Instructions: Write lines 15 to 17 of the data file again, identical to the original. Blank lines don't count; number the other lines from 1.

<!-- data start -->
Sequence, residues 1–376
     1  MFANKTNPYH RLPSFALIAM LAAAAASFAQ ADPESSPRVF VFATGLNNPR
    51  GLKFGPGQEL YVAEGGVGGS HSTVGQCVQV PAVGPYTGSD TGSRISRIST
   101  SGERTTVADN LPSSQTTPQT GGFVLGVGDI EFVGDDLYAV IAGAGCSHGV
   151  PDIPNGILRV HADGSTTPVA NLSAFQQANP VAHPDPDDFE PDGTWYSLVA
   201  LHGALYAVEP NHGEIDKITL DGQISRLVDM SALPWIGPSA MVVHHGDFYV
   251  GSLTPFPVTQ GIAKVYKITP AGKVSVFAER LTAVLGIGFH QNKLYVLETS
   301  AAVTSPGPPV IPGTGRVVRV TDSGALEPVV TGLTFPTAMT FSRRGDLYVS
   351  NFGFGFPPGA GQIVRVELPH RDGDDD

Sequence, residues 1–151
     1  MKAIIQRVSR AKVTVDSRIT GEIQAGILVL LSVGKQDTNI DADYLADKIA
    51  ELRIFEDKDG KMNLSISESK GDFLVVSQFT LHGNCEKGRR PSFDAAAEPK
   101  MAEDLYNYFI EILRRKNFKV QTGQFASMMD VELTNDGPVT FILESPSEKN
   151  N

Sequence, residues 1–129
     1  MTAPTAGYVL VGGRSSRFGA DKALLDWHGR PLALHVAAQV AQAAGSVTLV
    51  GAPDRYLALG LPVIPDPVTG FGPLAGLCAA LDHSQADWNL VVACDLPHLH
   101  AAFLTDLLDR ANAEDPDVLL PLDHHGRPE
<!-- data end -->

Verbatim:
Sequence, residues 1–129
     1  MTAPTAGYVL VGGRSSRFGA DKALLDWHGR PLALHVAAQV AQAAGSVTLV
    51  GAPDRYLALG LPVIPDPVTG FGPLAGLCAA LDHSQADWNL VVACDLPHLH